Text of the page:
Notice for instance that the above given cross product relations among i, j, and k agree with the multiplicative relations among the quaternions i, j, and k. In general, if we represent a vector [a1, a2, a3] as the quaternion a1i + a2j + a3k, we obtain the cross product of two vectors by taking their product as quaternions and deleting the real part of the result. The real part will be the negative of the dot product of the two vectors.

### Conversion to matrix multiplication

A cross product between two vectors (which can only be defined in three-dimensional space) can be rewritten in terms of pure matrix multiplication as the product of a skew-symmetric matrix and a vector, as follows: $\mathbf{a} \times \mathbf{b} = [\mathbf{a}]_{\times} \mathbf{b} = \begin{bmatrix}\,0&\!-a_3&\,\,a_2\\ \,\,a_3&0&\!-a_1\\-a_2&\,\,a_1&\,0\end{bmatrix}\begin{bmatrix}b_1\\b_2\\b_3\end{bmatrix}$ $\mathbf{b} \times \mathbf{a} = [\mathbf{a}]^T_{\times} \mathbf{b} = \begin{bmatrix}\,0&\,\,a_3&\!-a_2\\ -a_3&0&\,\,a_1\\\,\,a_2&\!-a_1&\,0\end{bmatrix}\begin{bmatrix}b_1\\b_2\\b_3\end{bmatrix}$

where $[\mathbf{a}]_{\times} \stackrel{\rm def}{=} \begin{bmatrix}\,\,0&\!-a_3&\,\,\,a_2\\\,\,\,a_3&0&\!-a_1\\\!-a_2&\,\,a_1&\,\,0\end{bmatrix}.$

Also, if $\mathbf{a}$ is itself a cross product: $\mathbf{a} = \mathbf{c} \times \mathbf{d}$

then $[\mathbf{a}]_{\times} = (\mathbf{c}\mathbf{d}^T)^T - \mathbf{c}\mathbf{d}^T.$

This notation provides another way of generalizing cross product to the higher dimensions by substituting pseudovectors (such as angular velocity or magnetic field) with such skew-symmetric matrices. It is clear that such physical quantities will have n(n-1)/2 independent components in n dimensions, which coincides with number of dimensions for three-dimensional space, and this is why vectors can be used (and most often are used) to represent such quantities.

This notation is also often much easier to work with, for example, in epipolar geometry.

From the general properties of the cross product follows immediately that $[\mathbf{a}]_{\times} \, \mathbf{a} = \mathbf{0}$   and $\mathbf{a}^{T} \, [\mathbf{a}]_{\times} = \mathbf{0}$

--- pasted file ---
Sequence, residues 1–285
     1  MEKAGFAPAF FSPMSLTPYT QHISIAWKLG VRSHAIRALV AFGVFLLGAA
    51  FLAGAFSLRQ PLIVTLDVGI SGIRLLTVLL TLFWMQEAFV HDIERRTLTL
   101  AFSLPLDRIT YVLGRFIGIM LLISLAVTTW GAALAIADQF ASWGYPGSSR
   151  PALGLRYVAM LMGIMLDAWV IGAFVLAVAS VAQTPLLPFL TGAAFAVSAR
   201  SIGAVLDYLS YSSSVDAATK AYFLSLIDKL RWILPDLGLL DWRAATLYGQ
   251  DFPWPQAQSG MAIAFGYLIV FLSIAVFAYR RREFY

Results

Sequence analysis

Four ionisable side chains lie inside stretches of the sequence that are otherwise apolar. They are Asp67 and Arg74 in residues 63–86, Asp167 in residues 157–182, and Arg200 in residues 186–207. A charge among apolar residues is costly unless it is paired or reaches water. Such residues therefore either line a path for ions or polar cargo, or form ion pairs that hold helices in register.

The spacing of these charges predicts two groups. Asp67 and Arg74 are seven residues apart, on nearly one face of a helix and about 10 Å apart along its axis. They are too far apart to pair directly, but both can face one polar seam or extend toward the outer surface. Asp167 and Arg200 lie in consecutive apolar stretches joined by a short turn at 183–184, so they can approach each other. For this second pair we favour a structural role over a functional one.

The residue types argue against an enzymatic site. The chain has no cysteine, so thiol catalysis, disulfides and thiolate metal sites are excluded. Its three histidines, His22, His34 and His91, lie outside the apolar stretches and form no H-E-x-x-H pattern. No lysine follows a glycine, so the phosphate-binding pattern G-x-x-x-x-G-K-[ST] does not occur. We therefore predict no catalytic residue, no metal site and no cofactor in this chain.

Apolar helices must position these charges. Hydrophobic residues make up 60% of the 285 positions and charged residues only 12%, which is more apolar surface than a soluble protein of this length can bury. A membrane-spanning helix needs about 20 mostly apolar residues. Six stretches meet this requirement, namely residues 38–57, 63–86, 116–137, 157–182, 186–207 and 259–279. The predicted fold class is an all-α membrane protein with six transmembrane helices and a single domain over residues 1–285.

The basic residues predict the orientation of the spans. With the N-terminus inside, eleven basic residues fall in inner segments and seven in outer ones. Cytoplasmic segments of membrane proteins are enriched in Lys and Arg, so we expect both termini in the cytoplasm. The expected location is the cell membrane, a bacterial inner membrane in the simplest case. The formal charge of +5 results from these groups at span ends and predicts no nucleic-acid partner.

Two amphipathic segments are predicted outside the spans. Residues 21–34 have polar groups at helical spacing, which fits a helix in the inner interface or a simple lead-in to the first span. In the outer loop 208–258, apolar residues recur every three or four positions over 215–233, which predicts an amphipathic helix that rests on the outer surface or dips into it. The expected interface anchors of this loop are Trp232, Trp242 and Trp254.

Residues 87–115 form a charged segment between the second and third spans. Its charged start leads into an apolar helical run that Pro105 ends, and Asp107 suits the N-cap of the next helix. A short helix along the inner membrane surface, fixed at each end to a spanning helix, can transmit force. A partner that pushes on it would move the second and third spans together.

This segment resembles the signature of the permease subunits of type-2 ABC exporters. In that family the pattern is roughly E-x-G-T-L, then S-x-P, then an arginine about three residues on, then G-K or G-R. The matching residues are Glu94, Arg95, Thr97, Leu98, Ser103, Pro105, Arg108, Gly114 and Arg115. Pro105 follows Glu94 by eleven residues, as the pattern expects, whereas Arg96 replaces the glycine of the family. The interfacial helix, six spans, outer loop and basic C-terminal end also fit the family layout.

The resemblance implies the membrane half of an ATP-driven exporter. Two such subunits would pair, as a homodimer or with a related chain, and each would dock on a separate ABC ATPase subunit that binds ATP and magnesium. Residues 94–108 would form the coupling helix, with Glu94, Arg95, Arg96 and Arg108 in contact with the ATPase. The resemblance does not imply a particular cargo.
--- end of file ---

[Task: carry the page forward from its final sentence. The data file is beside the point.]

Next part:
and from fact that $[\mathbf{a}]_{\times}$ is skew-symmetric it follows that $\mathbf{b}^{T} \, [\mathbf{a}]_{\times} \, \mathbf{b} = 0.$

The above-mentioned triple product expansion (bac-cab rule) can be easily proven using this notation.

The above definition of $[\mathbf{a}]_{\times}$ means that there is a one-to-one mapping between the set of 3×3 skew-symmetric matrices, also denoted SO(3), and the operation of taking the cross product with some vector $\mathbf{a}$.

### Index notation

The cross product can alternatively be defined in terms of the Levi-Civita tensor $\varepsilon_{ijk}$ $\mathbf{a \times b} = \mathbf{c}\Leftrightarrow\ c_i = \sum_{j=1}^3 \sum_{k=1}^3 \varepsilon_{ijk} a_j b_k$

where the indices $i,j,k$ correspond, as in the previous section, to orthogonal vector components.

### Mnemonic

The word xyzzy can be used to remember the definition of the cross product.

If $\mathbf{a} = \mathbf{b} \times \mathbf{c}$

where: $\mathbf{a} = \begin{bmatrix}a_x\\a_y\\a_z\end{bmatrix}, \mathbf{b} = \begin{bmatrix}b_x\\b_y\\b_z\end{bmatrix}, \mathbf{c} = \begin{bmatrix}c_x\\c_y\\c_z\end{bmatrix}$

then: $a_x = b_y c_z - b_z c_y \,$ $a_y = b_z c_x - b_x c_z \,$ $a_z = b_x c_y - b_y c_x \,$

Notice that the second and third equations can be obtained from the first by simply vertically rotating the subscripts, xyzx. The problem, of course, is how to remember the first equation, and two options are available for this purpose: either you remember the relevant two diagonals of Sarrus's scheme (those containing i), or you remember the xyzzy sequence.

Since the first diagonal in Sarrus's scheme is just the main diagonal of the above-mentioned $3 \times 3$ matrix, the first three letters of the word xyzzy can be very easily remembered.

## Applications

### Computational geometry

The cross product can be used to calculate the normal for a triangle or polygon, an operation frequently performed in computer graphics.